How to Respond to a Court Petition

••• signing a contract image by William Berry from

Review the petition for service of process. The court needs to know that you were properly placed on notice of the pending legal matter. Generally, the petitioner obtains service of process through a process server or my certified mail, return receipt requested.

Read the petition carefully. Note where the petition was filed and the pertinent deadlines for a response. Begin evaluating how you will respond to each of the numbered paragraphs outlined in the petition. Gather important documents such as financial statements or other legal records to help aid in your answer.

Fill out the responsive form. Some petitions have boxes where you can admit or deny each of the numbered statements. An example is your county and state of residence. If the information contained in the statement is not correct, you need to provide a written explanation providing what you believe is the correct information. Other courts may have a specific response form. Go to the court's law library and locate the appropriate responsive form pertaining to your dispute. The law librarian can point you in the right direction, but she cannot provide legal advice.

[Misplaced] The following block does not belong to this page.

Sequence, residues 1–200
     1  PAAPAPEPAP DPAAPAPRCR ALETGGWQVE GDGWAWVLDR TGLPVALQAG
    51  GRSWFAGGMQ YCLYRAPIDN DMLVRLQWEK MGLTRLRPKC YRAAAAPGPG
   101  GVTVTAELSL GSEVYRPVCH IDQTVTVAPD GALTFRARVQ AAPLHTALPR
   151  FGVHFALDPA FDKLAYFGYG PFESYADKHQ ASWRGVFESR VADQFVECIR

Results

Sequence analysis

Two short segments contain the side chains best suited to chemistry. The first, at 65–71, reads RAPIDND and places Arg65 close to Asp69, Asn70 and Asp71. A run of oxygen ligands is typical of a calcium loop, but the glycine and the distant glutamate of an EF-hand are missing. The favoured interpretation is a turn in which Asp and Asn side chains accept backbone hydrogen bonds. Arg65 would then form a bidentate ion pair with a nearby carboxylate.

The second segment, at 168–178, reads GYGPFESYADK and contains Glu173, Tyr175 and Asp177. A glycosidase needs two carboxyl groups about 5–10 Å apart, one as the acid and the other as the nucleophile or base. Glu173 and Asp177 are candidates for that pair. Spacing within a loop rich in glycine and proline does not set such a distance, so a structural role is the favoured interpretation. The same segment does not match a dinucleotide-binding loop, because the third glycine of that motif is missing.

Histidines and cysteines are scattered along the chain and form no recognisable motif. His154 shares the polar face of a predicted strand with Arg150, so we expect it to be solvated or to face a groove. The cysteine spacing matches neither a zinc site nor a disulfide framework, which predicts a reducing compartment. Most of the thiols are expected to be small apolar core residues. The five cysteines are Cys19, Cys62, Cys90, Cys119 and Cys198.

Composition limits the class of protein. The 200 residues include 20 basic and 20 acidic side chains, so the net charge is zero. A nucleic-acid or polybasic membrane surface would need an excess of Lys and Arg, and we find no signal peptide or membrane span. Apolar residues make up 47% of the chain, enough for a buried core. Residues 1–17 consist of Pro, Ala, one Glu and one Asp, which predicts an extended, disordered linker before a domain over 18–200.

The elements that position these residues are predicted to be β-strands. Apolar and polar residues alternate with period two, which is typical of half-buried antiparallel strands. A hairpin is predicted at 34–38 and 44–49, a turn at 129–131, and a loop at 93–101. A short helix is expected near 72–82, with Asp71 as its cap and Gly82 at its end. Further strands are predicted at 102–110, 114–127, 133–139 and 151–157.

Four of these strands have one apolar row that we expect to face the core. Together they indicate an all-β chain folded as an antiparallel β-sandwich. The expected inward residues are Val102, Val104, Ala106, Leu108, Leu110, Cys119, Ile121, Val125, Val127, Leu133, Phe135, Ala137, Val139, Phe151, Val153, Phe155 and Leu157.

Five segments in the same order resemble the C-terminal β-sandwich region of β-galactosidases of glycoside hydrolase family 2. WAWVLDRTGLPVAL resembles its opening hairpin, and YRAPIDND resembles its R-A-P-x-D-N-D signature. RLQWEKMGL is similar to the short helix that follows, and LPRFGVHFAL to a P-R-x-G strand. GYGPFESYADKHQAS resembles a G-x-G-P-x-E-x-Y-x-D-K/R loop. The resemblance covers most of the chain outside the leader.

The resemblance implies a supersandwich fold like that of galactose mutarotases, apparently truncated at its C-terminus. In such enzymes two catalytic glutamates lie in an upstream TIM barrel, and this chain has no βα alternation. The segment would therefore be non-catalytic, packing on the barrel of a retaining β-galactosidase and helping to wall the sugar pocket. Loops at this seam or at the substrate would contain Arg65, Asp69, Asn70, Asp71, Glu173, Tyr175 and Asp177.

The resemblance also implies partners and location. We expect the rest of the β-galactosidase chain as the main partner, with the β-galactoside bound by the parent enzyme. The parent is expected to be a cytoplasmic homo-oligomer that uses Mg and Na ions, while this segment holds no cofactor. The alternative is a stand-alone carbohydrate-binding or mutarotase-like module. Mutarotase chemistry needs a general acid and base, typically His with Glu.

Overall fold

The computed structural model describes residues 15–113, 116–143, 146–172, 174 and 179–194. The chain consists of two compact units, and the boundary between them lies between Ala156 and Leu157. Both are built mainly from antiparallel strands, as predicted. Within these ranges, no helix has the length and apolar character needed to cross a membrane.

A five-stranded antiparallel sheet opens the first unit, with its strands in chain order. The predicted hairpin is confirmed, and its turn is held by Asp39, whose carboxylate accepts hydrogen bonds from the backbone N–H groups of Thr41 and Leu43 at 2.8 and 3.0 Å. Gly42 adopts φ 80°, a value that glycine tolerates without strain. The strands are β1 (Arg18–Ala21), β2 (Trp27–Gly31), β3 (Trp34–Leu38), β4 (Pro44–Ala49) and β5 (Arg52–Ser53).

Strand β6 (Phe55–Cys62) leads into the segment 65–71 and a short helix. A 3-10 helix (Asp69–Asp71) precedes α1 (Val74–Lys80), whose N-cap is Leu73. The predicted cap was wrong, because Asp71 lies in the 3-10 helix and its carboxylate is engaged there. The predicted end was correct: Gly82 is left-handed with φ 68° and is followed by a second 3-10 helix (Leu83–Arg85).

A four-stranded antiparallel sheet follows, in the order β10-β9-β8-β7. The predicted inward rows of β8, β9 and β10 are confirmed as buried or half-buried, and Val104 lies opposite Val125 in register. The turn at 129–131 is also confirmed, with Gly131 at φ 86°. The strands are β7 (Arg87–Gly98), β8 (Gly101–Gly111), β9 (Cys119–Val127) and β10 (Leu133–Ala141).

File the response with the court. Go to the courthouse where the petition was filed, and locate the clerk of court's office. Filing your response does not involve a processing fee. Make copies of your filing beforehand.

File a counter-petition. If there are certain rights and requests that you want the court to hear on your behalf, a counter-petition becomes an effective mechanism. Like a response form, you need to find the appropriate form to fill out for your petition. These can be found in the court's law library or some courts have these forms online. A counter-petition must be served on the other person, and it requires a processing fee. Contact the court to find out the fees.

Attend all court hearings or mediations. This is your opportunity to defend the petition filed against you. Bring all your paperwork to support your case and arrive on time. Advocate your side to the judge or mediator when the hearing begins.


About the Author

Michael Martin began writing professionally in 2008. He has more than 10 years of experience in the insurance industry and primarily writes about legal issues. Martin holds a Juris Doctor from Albany Law School and is licensed to practice law in New Jersey and Pennsylvania.

Photo Credits

  • signing a contract image by William Berry from